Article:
U.S. officials say Vice President Mike Pence was scheduled to meet with officials from North Korea earlier this month, but North Korea canceled the meeting at the last minute.
The meeting was to have taken place on February 10, during Pence's visit to South Korea for the opening ceremonies of Winter Olympics in PyeongChang, which were staged the day before.
The vice president was going to hold talks with Kim Yo Jong, the sister of North Korean leader Kim Jong Un, and Kim Yong Nam, the regime's nominal head of state, both of whom led the North's delegation to the opening ceremonies. According to The Washington Post, the meeting was to have taken place in Seoul at the Blue House, the official residence of South Korea's president.
"The Vice President was ready to take this opportunity to drive home the necessity of North Korea abandoning its illicit ballistic missile and nuclear programs," U.S. State Department spokeswoman Heather Nauert said in a written statement. "At the last minute, DPRK officials decided not to go forward with the meeting. We regret their failure to seize this opportunity."
The administration initially downplayed any chance of a meeting between Pence and the North Koreans ahead of his trip. But the Post says, based on information from a senior White House official, that the meeting came together after the CIA got word the North Koreans wanted to meet with the vice president during his trip to the Korean peninsula.
North Korea sent a small contingent of athletes to the PyeongChang Winter Olympics after South Korean President Moon Jae-in accepted Kim Jong Un's surprise offer during a New Year's Day speech to participate in the Games.
But Pence refused to acknowledge the North Korean delegation as the two sides shared the VIP box during the opening ceremonies, and did not stand and applaud when the unified Korean delegation entered the stadium. The vice president also invited the father of the late U.S. college student Otto Warmbier as his guest during the ceremonies. Warmbier spent 17 months in detention in North Korea for stealing a propaganda poster, before he was sent home last year in a coma with extensive brain damage and later died.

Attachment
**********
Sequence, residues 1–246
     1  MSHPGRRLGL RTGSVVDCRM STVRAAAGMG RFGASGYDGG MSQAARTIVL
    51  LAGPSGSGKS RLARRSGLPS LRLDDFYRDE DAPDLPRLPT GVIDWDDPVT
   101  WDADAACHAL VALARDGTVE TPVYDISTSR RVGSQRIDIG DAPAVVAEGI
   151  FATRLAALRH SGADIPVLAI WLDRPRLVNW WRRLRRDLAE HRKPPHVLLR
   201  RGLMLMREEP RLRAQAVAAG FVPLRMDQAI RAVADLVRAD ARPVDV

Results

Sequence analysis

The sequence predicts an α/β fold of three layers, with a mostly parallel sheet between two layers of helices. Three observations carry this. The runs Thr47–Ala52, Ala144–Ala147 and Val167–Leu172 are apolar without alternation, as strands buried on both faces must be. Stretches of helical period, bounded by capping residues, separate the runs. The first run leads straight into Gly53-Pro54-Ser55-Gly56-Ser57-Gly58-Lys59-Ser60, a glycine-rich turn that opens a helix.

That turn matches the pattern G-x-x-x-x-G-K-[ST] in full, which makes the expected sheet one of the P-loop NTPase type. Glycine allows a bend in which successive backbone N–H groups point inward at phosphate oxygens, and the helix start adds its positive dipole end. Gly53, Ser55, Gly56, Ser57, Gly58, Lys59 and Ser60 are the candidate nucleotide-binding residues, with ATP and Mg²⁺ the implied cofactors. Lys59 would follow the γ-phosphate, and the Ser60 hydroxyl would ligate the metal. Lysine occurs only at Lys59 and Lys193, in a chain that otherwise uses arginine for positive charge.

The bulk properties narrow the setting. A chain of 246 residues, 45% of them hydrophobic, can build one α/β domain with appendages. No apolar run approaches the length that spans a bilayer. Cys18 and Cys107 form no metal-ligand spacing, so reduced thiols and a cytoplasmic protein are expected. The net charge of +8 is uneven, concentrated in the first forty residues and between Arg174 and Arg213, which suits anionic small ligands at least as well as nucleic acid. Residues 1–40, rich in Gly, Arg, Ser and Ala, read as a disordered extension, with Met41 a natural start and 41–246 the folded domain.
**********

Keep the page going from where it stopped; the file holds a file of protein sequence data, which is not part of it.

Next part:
Pence also refused to acknowledge the North Koreans during a VIP reception before the ceremonies, and held an open meeting with a group of North Korean defectors earlier that day. The vice president had also announced the administration was planning to impose a new round of economic sanctions against the regime ahead of his trip.
The vice president's actions angered Pyongyang. KCNA, North Korea’s official state media, called Pence’s refusal to applaud the joint Korean team at the Olympics an "ugly sight" and warned the U.S. leader to "stop behaving imprudently" in opposition to improving inter-Korean ties.
Nick Ayers, Pence's chief of staff, issued a statement Tuesday saying the North had "dangled a meeting" before Pence's visit in hopes that he would soften the Trump administration's campaign of "maximum pressure" on Pyongyang to force it to abandon its nuclear and ballistic missile programs.
"But as we’ve said from Day One about the trip: This administration will stand in the way of Kim’s desire to whitewash their murderous regime with nice photo ops at the Olympics," Ayers said.
Neither Seoul nor Pyongyang have commented on the canceled meeting.